• That’s hysterical! My best pal’s Scottish and I’ve spent years trying to get his accent down, but I can only really do it by directly repeating what he says. Your accent must have been pretty good to convince her!

  6. Maybe you made them think twice 🙂

    • I don’t know if they were any more discrete after that seeing as I was oblivious to it all anyway! I didn’t even get suspicious when they both skipped one morning lesson to go to the beach!

  7. Despite my characters’ somewhat dominating approach to their novels, none of them has ever ambushed me like that! Of course, I can’t remember how many times I’ve managed to say something naive all on my own. 😉

    And I think 4amWriter’s experience has all the makings of a great short story about character possession…. 🙂 I just hope none of my characters get any ideas from that!

    • I’m not generally naive – if anything I’m annoyingly cynical, so I quite enjoyed the feeling when I found out. Naive people tend to be a lot more sweet-natured, which sadly I could never be accused of. I’m sure one day Maddy will get you when you’re least suspecting it!

  8. They must have thought you were like the guy in Mentalist and wondered what had given them away. 🙂

  9. As my sister says, no one can know something until they know it! Give yourself a break!)

  10. Oh that is too funny!! I can’t say anything like that has ever happened to me.

  11. Sally, what a funny story, tho I agree with Pat Bean, the couple should be red-faced, not you. They had to be giving off clues; something you saw that made you think of a couple even if it didn’t register in your conscious thoughts.

    I can’t say I’ve ever had my characters hijack me like that, tho to be honest I do a good enough job myself of saying the wrong thing in conversation. For that reason (it never fails)I keep to myself a lot. A lot.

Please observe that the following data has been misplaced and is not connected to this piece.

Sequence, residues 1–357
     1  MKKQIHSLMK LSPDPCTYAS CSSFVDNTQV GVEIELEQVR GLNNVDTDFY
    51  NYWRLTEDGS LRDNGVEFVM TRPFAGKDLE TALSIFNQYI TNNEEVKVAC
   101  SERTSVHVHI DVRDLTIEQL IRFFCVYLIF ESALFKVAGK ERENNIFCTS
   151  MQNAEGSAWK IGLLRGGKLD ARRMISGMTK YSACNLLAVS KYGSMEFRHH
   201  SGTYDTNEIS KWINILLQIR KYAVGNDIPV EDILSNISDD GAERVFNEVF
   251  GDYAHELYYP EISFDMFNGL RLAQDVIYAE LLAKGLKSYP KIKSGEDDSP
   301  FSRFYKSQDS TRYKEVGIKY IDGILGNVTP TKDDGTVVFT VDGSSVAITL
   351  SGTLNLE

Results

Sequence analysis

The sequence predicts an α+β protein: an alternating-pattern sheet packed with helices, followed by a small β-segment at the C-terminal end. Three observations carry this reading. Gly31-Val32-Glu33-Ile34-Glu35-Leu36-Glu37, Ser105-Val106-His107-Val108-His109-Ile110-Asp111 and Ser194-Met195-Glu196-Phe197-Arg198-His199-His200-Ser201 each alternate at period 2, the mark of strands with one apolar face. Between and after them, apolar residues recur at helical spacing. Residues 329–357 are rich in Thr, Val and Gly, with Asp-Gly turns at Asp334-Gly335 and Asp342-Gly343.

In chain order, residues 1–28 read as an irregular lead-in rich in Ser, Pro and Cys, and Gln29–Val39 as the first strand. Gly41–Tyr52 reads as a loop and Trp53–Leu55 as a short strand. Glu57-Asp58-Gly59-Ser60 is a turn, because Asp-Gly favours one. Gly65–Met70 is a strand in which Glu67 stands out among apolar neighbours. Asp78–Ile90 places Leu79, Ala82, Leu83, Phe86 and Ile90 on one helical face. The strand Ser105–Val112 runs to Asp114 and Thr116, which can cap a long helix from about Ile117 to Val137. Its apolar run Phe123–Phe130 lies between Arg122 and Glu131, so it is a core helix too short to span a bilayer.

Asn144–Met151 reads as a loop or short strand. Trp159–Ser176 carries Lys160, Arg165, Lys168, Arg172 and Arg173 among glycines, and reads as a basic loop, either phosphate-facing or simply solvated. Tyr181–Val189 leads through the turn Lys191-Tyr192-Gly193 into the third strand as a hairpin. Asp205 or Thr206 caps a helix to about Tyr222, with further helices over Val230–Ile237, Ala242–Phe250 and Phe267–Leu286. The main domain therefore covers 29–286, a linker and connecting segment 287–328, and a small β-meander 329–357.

12. Heh, it was a roleplay character who did that to me. Funny as hell, just a normal, grown up conversation and then in comes this half-elf adolescent with an attitude problem. I wish I could remember what the exact context was, but the clearest part for me in looking back on the conversation in a couple of hours and thinking; ‘Good grief, that was Shaniqua talking!’

  13. Hehe oops! They haven’t made me do anything yet, I’m nervous now though 🙂

  14. Ohh Sally, this sounds like something that would completely happen to me. I always manage to say the wrong things at the wrong times! Great post, really enjoyed it!

  15. I say dumb stuff all the time – no fictional help needed.

    As for writing memoirs (earlier comments). I DETEST thinking about who I was growing up. No warm-fuzzy feelings there. I seem to remember all the dumb stuff I did. It’s like an episode of America’s Funniest Home Videos, with me staring in each one… blech!

  16. Oh dear! Your post has a story written all over it. We’ve all stuck our foots in our mouths before. 🙂 I remember an incident where I was on vacation with my husband (now ex). We were shopping in a small mom and pop store. I cozied up to him and started stroking his arm, all the while babbling away while I was admiring some shiny thing. It dawned on me that the store had become rather quiet. My words fizzled out as I looked up and realized I was stroking the arm of a stranger! Fortunately, he had the grace to grin and cut a joke as the entire shop busted out laughing. My husband never let me live it down. Mortification at its finest!

    • Brilliant – how embarrassing! Even if they are a bit mortifying at the time it’s great to be able to look back on silly things like that and just laugh about it!

  17. LOL. Clearly your mind read the body language. 😉 Sometimes my characters have lines they say that came from somewhere in my life. We have the opposite problem where they steal from my life. But sometimes when I’m in a character’s POV for too long, I tend to act a tad like her for a few hours in my own life. 🙂